Wednesday morning, Eva and I will fly from Los Angeles to Hong Kong. I’m embarking on a book tour, of sorts, of China. (See the appearances section for the details.) If all goes according to schedule we’ll probably spend 21 or so hours in transit from our house to our hotel.
I bought these tickets about three months ago and got a very good deal - $679 plus tax - on Cathay Pacific. It’s Hong Kong’s flagship airline, and as airline’s go, one of the best.
Before I bought the tickets though, I looked into flying business class. That seemed like a good idea. The cheapest business class tickets I found were about $2,300 each – on Taiwan’s EVA Air – and they came with a layover and change of planes in Taipei. I decided to stick with economy class.
Out of curiosity, when I bought the tickets on Cathay’s website, I looked up the business and first class fares for the same flight. Business class came to $15,703.72 for the two of us. First class was an astounding $27,093.72.
So I did some math. (I was terrible at math, and hated it, when I was a kid in school. Now that I’m not in school I can amuse myself for hours by parsing numbers.)
First I needed to take into account that if you buy “extra seats,” you don’t get charged the tax for them. The tax on Eva and my two economy class seats came to $316.56. So, I had to subtract that from the business and first class fares before dividing by $679 – the untaxed price of our seats.
For the price of two roundtrip business class fares on Cathay Pacific from Los Angeles to Hong Kong, we could have bought 22.66 (call it 23) economy seats. We could have bought 39.9 (call it 40) seats for the first class fare.
On the 747-400 Premium, there’s a small section of 30 economy seats just behind business class. For two first class fares we could have had that entire section to ourselves, with ten more seats elsewhere in the plane in case we got bored and wanted to move around.
Back when I lived in Hong Kong and flew regularly around Asia on business, I did spend some time in Cathay’s business class section. Once, on a flight from Hong Kong to Tokyo, I was even upgraded to first class. They are excellent ways to fly.
In Cathay’s business class the seats are more comfortable than any chairs Eva and I’ve got in our home. The entertainment is excellent. The food is nearly restaurant – a good restaurant – quality and they pour wines that we might break out on special occasions, but only then. They’ve even got a couple choices of single malt scotch.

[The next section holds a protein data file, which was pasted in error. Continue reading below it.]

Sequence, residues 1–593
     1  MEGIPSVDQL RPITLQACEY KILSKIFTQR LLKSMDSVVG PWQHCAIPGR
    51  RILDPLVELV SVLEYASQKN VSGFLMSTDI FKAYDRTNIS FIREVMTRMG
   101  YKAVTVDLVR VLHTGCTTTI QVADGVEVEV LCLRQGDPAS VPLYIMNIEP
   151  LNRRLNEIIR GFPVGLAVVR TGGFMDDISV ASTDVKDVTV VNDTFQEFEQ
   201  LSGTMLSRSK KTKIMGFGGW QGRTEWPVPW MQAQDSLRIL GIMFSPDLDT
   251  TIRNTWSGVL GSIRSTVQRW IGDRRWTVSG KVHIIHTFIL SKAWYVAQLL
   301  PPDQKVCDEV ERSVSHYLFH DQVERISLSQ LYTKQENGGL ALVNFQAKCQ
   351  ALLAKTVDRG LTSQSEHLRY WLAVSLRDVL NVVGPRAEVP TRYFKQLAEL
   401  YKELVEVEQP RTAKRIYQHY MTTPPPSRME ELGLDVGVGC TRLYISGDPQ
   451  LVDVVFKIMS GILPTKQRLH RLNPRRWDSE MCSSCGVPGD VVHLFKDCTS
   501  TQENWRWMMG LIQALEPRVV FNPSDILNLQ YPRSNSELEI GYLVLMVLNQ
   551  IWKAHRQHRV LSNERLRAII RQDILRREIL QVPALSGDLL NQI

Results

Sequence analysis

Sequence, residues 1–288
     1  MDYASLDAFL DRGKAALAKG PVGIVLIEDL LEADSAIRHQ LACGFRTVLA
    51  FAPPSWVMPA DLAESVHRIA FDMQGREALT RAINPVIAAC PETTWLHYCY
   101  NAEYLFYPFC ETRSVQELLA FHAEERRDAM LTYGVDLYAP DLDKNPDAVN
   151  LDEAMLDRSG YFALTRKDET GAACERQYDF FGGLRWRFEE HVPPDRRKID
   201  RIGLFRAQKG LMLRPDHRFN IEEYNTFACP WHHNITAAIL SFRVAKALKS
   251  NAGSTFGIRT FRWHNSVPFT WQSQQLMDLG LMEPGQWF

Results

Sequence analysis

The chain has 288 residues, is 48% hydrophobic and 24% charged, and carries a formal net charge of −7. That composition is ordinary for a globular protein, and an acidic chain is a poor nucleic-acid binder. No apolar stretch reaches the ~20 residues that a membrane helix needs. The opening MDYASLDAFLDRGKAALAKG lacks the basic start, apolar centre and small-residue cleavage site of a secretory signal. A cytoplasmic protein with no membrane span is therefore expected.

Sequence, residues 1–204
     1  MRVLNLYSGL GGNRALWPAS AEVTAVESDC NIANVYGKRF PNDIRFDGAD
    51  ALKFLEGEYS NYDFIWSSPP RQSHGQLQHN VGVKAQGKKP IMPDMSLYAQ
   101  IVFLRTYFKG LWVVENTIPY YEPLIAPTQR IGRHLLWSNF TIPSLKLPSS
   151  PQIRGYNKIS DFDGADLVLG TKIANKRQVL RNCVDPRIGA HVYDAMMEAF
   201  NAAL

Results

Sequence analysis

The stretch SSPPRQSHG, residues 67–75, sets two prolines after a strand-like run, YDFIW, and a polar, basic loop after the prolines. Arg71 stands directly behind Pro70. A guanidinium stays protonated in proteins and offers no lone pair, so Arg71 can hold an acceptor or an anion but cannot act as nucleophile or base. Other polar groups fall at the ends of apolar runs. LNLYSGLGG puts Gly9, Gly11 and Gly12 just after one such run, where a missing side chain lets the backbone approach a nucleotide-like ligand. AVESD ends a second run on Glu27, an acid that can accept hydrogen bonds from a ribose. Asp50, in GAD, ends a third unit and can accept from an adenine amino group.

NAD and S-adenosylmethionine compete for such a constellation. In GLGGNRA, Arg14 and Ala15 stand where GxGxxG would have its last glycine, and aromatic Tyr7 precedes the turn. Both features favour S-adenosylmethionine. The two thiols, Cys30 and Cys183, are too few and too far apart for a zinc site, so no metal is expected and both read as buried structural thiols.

First class was splendid. The only other chairs I’ve ever spent any time in that were as comfortable are the La-Z Boys at the home of my pals Bill and Stephanie. And those chairs aren’t as well appointed with beverage holders, work surfaces, lighting and individual entertainment consoles. Plus, if I ever tried to ring a buzzer to summon Bill or Stephanie and ask them to get me another perfectly chilled top-shelf vodka or more Beluga caviar or smoked salmon, they’d probably throw me out on my ass.
Even the bathrooms are nicer, a lot nicer, in business and first class.
But that’s an awful lot of money to simply sit in a stupor in a big metal tube for even the 15 hours and 20 minutes we’re scheduled to be in the air.
I suppose I could have bought us each our own small row of three seats. I can manage to stretch out reasonably well across three seats when the armrests are up. That would have cost us a little more than a third (35.767% to be precise) the price of two business class seats.
Is business class any better than that? Maybe to some people it is. Not to me it isn’t. But if Cathay Pacific wanted to give us an upgrade, well, we wouldn’t turn it down. If there’s a screaming child anywhere within earshot, maybe the extra expense would have been worth it. They don’t let them do that sort of thing in business or first class. Do they?
* The title of this blog isn’t mine. It comes from Janet Reid, my agent. It’s what she emailed me when I emailed to ask who figures out airline price structures. Also, there is, apparently, some controversy about how to spell the plural of abacus. I’ve used the Oxford English Dictionary’s form.